Research consistently shows that individuals with higher incomes tend to have higher self-esteem, which refers to more positive self-evaluation and perception.
A new study published in Psychological Science found that not only do individuals experience a rise in their self-esteem once they start earning more, but having higher levels of self-esteem can also lead to raising one’s income over time. This implies that financial self-esteem, referring to a person’s sense of worth in relation to their finances, can influence their financial reality.
Here are two mindset shifts to improve your financial self-esteem.
1. Start Believing You Deserve Wealth
A 2019 study found an intriguing consequence of financial self-esteem when participants engaged in “self-verification,” whereby their financial behavior confirmed their beliefs about themselves. Researchers found that those with low self-esteem picked inferior products as this reinforced their inferior self-perceptions. However, when they were experimentally induced to view themselves as consumers of superior products, they were less likely to choose inferior products. This singular mindset shift allowed them to choose better for themselves.
Similarly, if you find yourself constantly settling for less than you deserve, especially when it comes to accepting job offers with insufficient pay, you may need to adjust your financial beliefs about what you deserve. Self-esteem is also associated with the level of financial security or anxiety one faces.
Financial self-efficacy, which refers to one’s belief in their ability to acquire wealth and make financially sound decisions, along with holding yourself in higher regard can allow you to pursue opportunities that pay better. A growth mindset about one’s socioeconomic status also improves one’s psychological well-being.
It is also important to note the pervasive effect of sociocultural factors contributing to one’s financial self-esteem. Take the gender pay gap, for instance. Earning less than a male counterpart can create feelings of undervaluation, frustration and erode one’s confidence in their abilities and self-worth.
From an early age, individuals are exposed to messages about gender roles, which can shape beliefs about what they are capable of achieving. Women especially might be subtly or explicitly told that certain jobs or levels of compensation are less suitable for them.
The absence of visible role models or mentors in high-paying or leadership positions can reinforce this belief, affecting an individual’s aspirations and willingness to negotiate for better compensation.
2. Raise Your Overall Level Of Self-Esteem
A person’s self-esteem is often determined by their social status. This can be a dangerous association to make, as a reduction in income can severely impact self-esteem by suggesting that one is of lower social status and somehow less valuable in society or likely to face social rejection.
Additionally, research shows that basing one’s self-esteem solely on financial success has negative outcomes such as higher levels of social comparison, financial hassles, anxiety, a reduced sense of autonomy and low emotional well-being.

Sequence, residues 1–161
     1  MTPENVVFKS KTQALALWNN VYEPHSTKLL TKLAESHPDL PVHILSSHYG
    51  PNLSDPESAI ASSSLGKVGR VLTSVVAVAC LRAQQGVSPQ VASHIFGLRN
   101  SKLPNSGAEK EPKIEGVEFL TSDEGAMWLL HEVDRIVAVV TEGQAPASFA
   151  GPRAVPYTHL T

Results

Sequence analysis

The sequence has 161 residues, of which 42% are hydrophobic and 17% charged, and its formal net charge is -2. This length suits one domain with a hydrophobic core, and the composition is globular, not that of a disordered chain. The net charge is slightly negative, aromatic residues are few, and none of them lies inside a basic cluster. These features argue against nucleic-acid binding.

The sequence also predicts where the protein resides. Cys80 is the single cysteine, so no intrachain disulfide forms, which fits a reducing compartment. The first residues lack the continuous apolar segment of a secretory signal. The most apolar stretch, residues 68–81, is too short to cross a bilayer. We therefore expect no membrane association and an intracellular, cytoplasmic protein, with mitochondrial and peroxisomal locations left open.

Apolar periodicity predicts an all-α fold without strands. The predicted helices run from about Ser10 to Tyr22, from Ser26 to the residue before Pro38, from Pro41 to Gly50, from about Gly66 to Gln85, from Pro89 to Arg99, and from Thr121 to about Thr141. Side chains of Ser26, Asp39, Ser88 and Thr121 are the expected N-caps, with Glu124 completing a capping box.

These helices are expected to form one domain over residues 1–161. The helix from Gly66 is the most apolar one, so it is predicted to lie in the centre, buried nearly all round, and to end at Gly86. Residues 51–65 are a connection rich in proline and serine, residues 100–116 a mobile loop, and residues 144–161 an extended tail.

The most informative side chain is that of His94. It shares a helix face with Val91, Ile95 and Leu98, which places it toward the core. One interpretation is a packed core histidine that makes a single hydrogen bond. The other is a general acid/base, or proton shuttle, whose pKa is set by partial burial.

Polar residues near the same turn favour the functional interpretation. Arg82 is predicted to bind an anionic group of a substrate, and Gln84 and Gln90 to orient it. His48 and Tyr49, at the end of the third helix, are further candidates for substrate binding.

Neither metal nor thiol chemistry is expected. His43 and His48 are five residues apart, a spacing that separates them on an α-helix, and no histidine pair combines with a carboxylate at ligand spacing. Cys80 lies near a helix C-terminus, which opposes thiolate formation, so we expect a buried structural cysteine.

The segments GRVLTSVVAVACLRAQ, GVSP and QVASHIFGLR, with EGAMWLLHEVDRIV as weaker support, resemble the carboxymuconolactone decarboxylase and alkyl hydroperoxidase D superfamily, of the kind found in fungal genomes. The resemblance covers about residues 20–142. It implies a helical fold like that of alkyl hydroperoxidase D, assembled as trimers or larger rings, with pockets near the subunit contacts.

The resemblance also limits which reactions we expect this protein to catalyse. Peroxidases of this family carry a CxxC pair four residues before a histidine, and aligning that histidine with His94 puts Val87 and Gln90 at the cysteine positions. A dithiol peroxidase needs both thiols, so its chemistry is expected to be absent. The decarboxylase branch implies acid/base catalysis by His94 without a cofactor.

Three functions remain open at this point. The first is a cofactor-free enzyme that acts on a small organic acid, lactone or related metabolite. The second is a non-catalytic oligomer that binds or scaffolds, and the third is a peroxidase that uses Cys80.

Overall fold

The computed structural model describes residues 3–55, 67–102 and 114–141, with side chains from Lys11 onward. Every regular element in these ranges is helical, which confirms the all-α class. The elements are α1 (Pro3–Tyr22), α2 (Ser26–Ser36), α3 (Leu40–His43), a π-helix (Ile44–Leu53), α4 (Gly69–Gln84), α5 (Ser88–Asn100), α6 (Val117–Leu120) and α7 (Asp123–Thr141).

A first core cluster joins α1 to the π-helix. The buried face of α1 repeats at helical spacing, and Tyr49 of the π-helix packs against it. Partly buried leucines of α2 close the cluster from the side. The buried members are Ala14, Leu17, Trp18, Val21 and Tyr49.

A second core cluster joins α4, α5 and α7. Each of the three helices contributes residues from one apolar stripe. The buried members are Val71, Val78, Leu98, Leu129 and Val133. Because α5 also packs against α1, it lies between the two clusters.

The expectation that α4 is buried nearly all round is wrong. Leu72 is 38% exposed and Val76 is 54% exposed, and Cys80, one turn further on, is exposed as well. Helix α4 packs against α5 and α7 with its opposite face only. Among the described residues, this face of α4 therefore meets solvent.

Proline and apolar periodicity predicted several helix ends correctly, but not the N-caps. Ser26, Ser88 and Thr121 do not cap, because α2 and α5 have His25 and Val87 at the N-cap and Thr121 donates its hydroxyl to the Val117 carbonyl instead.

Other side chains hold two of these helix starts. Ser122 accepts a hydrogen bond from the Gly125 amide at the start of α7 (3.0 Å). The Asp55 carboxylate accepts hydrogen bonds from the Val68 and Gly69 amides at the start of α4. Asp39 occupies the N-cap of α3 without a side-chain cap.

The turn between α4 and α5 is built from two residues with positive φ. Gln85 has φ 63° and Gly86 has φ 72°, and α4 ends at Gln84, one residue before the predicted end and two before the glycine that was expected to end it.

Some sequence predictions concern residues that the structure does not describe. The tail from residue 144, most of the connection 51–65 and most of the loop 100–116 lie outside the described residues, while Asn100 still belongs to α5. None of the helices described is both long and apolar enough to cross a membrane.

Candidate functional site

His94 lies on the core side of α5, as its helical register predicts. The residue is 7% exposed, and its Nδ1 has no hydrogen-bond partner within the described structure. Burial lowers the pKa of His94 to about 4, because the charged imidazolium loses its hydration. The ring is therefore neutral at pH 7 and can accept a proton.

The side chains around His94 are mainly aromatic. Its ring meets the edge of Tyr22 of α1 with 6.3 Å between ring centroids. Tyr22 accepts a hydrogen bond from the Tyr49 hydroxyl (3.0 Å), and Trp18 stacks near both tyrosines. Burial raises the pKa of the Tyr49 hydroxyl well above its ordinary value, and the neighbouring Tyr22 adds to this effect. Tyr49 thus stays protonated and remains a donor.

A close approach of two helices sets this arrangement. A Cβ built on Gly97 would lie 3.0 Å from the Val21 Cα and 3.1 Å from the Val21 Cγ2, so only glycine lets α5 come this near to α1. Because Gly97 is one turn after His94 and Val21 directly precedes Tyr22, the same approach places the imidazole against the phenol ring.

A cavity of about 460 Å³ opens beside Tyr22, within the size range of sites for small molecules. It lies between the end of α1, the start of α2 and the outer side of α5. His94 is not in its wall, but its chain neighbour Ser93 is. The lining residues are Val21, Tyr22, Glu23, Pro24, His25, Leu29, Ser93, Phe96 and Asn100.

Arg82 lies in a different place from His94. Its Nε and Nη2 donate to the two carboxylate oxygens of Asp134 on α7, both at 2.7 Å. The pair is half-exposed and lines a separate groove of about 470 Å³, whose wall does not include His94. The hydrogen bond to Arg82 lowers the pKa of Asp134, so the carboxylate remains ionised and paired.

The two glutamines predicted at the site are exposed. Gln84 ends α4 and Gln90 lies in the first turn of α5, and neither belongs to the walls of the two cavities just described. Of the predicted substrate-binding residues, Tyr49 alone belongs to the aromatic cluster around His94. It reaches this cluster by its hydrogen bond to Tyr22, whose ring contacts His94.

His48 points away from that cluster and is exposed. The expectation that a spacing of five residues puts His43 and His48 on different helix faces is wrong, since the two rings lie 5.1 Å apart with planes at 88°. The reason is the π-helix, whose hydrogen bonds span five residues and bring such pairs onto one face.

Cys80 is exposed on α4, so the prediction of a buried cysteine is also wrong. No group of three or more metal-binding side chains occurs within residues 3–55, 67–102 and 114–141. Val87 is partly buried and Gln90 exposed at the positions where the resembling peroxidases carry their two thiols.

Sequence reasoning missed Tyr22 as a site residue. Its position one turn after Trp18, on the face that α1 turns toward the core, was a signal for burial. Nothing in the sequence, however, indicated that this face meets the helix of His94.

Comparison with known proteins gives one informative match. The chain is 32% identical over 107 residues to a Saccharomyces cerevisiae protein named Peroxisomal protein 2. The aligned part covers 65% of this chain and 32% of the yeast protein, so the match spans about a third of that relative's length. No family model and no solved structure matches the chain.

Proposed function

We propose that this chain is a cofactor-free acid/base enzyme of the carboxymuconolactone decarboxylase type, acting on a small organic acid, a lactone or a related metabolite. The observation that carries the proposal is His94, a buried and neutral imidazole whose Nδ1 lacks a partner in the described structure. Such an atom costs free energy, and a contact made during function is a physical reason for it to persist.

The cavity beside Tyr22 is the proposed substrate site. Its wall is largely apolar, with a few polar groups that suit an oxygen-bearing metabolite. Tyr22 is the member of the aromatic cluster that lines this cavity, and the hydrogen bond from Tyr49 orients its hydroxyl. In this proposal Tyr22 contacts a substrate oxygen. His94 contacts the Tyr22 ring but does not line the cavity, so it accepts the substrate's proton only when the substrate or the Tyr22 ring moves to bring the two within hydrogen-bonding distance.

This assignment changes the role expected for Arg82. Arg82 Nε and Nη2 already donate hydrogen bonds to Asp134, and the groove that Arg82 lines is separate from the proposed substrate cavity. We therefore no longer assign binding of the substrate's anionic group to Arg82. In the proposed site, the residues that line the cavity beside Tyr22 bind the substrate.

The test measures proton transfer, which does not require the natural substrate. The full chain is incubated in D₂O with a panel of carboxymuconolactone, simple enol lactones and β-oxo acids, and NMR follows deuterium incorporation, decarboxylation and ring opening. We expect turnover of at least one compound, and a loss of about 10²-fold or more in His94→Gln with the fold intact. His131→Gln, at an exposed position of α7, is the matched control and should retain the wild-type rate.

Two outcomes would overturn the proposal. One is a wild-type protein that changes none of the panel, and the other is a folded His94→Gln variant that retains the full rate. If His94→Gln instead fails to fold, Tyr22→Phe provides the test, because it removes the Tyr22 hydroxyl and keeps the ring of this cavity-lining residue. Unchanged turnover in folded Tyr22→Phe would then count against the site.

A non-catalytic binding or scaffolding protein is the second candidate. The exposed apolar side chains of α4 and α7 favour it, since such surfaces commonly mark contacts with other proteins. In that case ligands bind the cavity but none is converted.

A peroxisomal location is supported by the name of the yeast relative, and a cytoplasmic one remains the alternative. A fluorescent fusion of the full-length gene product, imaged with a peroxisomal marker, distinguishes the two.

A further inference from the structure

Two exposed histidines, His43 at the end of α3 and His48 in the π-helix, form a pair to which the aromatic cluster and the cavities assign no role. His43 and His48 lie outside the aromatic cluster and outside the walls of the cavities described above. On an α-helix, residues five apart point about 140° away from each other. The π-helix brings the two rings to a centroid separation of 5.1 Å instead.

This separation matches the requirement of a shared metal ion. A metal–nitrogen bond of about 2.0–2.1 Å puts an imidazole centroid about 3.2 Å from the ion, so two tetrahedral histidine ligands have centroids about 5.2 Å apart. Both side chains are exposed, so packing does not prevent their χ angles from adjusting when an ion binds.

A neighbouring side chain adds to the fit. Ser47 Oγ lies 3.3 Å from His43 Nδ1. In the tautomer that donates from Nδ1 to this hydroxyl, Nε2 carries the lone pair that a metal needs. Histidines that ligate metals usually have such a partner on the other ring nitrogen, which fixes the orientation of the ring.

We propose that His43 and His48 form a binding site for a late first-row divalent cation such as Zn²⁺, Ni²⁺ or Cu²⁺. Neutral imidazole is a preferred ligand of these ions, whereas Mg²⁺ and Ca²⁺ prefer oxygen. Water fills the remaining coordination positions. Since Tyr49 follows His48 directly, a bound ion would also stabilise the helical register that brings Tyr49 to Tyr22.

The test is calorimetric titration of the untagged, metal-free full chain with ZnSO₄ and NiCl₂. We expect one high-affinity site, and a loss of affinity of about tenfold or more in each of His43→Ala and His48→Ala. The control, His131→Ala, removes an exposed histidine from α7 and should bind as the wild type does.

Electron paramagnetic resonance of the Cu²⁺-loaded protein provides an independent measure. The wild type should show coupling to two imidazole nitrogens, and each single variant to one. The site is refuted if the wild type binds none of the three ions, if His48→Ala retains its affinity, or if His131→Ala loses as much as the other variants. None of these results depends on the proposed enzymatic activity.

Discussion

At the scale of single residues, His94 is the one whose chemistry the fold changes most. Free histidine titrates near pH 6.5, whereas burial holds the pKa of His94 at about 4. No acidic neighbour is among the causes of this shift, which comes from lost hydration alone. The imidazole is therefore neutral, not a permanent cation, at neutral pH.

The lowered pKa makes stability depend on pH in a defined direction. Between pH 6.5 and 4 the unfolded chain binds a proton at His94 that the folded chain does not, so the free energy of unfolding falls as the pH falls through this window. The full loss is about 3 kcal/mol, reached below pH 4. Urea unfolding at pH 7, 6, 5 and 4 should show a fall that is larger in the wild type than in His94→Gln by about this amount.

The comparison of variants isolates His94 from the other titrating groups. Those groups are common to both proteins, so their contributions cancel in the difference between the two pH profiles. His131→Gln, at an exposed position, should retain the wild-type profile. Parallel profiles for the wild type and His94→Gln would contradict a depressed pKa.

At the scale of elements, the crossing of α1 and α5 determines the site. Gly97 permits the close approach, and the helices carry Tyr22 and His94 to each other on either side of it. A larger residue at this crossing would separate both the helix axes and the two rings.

While positive emotions enhance our ability for wealth creation by expanding mental resources and allowing for creative solutions to financial problems or goals, negative emotions resulting from low financial self-esteem have the opposite effect.
Although it may seem contrary to the process of raising your financial self-esteem, it is important to ensure that one does not allow finances to hold such great influence over their self-perception and that they remind themselves of their value in multiple different areas of their lives. An appropriate amount of financial self-esteem is a result of a balanced sense of overall self-esteem, derived from a healthy and compassionate view of oneself.
A few important ways to raise your financial self-esteem include:
- Seek guidance. Enhance your understanding of personal finance. Read books, take courses or attend workshops to improve your knowledge about budgeting, investing and managing money. The more you know, the more confident you’ll feel.
- Set specific goals. Define clear and achievable financial goals. Whether it’s saving for a vacation, paying off debt, or investing for retirement, watching yourself achieve smaller goals one at a time can help you trust yourself and boost self-esteem.
- Negotiate assertively. Improve your negotiation skills for salary adjustments and practice advocating for yourself. Do not settle for less than you deserve or what others in your position would be paid.
- Celebrate milestones. Acknowledge and celebrate your financial accomplishments, no matter how small, to boost your confidence and motivate yourself to continue improving your finances.
- Avoid comparison. Avoid comparing yourself to others and focus on your own progress. Understand that financial confidence is a journey and small steps forward contribute to significant improvements over time.
- Nurture your self-worth. Treat yourself with kindness and understanding, especially during difficult times. Acknowledge that everyone makes mistakes and experiences setbacks. Identify and challenge negative self-beliefs or self-critical inner dialogue. Explore who you are beyond external roles or achievements and surround yourself with supportive people who encourage your personal growth and well-being.
Limiting beliefs about oneself can impact beliefs and fears about money. By nurturing a positive relationship with yourself, making informed financial decisions and recognizing your inherent worth beyond finances, you can experience growth and rewards that transcend material benefits.